A year ago today, a big, bearded old guy in a funny red and white suit dropped by to chat for a few minutes and asked that I pass along to you his special gift for investors for Christmas 1998. Out of that visit grew my "Psst! A Gift From Santa"
column, which recommended
, which I am still long, as a stock you could buy, sock away and return to in a few years to find considerable gains.
What? A buy-and-hold stock on
?! Do these rare creatures really still exist? Would we know one if we saw one? Didn't
Gary B. Smith
just say the
other day that he doesn't believe in buy-and-hold stocks?
Tech Savvy: Join the discussion on
There are darned few, of course. We have become, as it said on the cover of
last month, a "trader nation" in which midterm means by this afternoon, and long term might, just might, be as far off as the end of the week.
But I get a constant stream of email from
readers asking for recommendations for buy-and-hold stocks. This is always awkward, in part because at
, we don't see ourselves as your stock-pickers, but as a hardy crew trying to get to you the information you need to make your own picks. Moreover, despite what many today feel about our portfolios -- that buy-and-hold issues are, indeed, a rare and threatened species, too exotic for our own sheets -- the suspicion lingers that buy-and-holds worth discovering
out there. And worth the effort to find.
So, I called up the big guy again to see what I could find. He made it clear he was way too busy this year to drop by for another chat -- said it was all that newly created wealth, a big chunk of which was being spent, I was glad to hear, on presents for needy kids -- but said he did, indeed, have another one-and-only recommendation.
This one isn't nearly as dramatic as Qwest -- a stock many
readers had never heard of, in a business many hadn't considered -- was last year. Nope, this year the pick is a lot more obvious --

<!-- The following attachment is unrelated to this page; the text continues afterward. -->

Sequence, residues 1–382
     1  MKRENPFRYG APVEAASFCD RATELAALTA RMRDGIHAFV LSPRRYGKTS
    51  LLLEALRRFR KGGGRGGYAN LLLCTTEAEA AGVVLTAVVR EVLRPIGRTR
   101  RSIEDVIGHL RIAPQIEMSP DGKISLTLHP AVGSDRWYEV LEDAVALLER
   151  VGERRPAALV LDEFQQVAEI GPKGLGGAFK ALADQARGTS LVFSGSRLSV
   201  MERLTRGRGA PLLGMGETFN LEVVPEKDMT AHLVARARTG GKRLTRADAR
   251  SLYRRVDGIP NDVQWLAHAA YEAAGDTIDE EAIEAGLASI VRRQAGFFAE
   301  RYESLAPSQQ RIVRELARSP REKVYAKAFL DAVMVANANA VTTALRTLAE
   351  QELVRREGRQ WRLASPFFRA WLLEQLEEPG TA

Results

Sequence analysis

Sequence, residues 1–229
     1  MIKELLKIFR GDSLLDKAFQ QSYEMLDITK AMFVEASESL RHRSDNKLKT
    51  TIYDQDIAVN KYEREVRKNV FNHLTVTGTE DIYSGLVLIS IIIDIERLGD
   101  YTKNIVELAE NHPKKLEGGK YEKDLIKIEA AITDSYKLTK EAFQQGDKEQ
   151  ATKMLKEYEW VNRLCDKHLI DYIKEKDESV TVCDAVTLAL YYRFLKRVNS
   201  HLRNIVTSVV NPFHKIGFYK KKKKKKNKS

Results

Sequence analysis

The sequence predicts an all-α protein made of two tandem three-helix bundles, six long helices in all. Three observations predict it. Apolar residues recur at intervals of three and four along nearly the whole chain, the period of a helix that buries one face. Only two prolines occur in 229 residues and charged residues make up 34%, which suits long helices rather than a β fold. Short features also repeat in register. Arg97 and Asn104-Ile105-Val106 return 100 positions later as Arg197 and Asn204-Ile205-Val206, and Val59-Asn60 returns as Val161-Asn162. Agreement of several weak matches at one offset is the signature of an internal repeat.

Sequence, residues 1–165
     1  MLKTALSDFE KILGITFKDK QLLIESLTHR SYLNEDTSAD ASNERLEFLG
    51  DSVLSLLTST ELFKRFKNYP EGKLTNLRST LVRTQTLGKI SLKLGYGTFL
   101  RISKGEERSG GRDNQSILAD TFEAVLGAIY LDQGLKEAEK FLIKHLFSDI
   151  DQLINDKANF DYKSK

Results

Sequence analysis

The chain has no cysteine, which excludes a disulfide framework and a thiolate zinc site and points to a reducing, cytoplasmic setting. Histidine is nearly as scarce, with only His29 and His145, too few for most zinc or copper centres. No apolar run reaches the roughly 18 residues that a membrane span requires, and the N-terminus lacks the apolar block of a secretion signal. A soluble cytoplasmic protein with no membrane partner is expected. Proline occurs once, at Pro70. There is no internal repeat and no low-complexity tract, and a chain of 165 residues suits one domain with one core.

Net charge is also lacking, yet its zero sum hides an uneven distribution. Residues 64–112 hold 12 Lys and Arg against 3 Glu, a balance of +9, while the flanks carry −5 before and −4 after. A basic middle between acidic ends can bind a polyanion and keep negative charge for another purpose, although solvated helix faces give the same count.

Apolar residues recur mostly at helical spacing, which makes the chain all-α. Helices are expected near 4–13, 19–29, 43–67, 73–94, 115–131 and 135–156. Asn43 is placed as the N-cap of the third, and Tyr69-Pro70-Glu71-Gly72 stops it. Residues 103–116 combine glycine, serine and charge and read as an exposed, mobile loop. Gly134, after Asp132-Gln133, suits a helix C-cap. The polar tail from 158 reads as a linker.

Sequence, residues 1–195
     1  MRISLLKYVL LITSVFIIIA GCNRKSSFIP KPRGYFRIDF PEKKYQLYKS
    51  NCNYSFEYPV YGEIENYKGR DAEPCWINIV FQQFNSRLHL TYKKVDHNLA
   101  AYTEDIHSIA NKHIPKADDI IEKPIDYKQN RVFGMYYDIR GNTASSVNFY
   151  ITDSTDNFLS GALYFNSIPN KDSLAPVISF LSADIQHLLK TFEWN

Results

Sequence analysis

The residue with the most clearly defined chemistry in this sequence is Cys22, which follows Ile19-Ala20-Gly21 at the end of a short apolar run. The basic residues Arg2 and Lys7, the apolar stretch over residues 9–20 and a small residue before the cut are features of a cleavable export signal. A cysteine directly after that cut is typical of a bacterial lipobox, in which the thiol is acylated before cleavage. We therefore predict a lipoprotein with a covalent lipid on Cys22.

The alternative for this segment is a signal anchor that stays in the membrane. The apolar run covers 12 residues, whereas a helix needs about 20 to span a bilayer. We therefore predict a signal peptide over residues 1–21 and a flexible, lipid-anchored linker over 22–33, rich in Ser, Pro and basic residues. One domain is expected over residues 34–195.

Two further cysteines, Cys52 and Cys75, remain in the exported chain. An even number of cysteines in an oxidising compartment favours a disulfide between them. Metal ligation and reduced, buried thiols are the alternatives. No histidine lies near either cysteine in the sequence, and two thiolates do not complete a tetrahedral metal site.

OK, OK -- I hear the grumbling. Cut it out. The whole notion of a one-stock portfolio or a buy-and-hold pick -- the two are very similar -- is a stock which delivers great performance, combined with the closest thing you can get to security in this insecure world. So, why would you prefer something obscure and little known? Or something a lot riskier?
For better returns? Well, maybe. But how about the spectacular flameout side of that equation?
Some today are saying Cisco is slowing down, that its best days are behind it. Given the stock's roaring performance over the last few years, that's certainly possible: It's set a tough pace to sustain. But that doesn't mean Cisco won't deliver market-beating returns over the next few years. And anyway, I don't buy the "best is past" argument for Cisco for a minute.
In fact, I look for Cisco to stay on nearly everyone's top-10 lists over the next few years, precisely because of its combination of big returns and safety.
Today, Cisco is a pre-eminent example of understanding the Net, of understanding customers' needs, of understanding how to keep growing.
- It's a company that has pulled off more than 40 acquisitions over the past six years, without the kind of embarrassing and costly culture-clash problems we've seen at so many of its competitors. Think of acquisitions as "outsourced R&D," and you'll see why they're so important today in growing a high-tech powerhouse.
It's a company that learned early how to cut sales costs and stay close to its customers by selling over the Web.